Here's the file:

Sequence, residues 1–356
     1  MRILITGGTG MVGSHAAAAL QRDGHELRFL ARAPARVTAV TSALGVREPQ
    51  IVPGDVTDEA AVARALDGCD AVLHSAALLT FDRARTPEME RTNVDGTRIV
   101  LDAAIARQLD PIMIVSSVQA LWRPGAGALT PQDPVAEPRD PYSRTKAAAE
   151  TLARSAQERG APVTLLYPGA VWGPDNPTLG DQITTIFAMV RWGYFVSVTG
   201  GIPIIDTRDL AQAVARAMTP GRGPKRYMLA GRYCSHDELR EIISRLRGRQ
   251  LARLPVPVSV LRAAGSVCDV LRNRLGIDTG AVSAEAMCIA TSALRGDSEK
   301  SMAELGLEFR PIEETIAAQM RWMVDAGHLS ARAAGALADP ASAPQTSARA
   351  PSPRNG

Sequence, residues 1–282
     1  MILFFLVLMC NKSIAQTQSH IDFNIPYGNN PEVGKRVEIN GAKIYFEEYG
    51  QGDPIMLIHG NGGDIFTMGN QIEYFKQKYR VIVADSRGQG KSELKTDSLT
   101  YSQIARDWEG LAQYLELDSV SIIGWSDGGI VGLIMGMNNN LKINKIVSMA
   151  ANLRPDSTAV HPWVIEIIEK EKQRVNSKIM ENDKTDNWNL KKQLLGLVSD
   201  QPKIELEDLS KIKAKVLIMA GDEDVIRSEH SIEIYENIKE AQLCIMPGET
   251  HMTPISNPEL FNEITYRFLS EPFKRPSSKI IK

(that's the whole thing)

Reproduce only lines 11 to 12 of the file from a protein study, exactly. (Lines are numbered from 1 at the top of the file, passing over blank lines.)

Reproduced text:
     1  MILFFLVLMC NKSIAQTQSH IDFNIPYGNN PEVGKRVEIN GAKIYFEEYG
    51  QGDPIMLIHG NGGDIFTMGN QIEYFKQKYR VIVADSRGQG KSELKTDSLT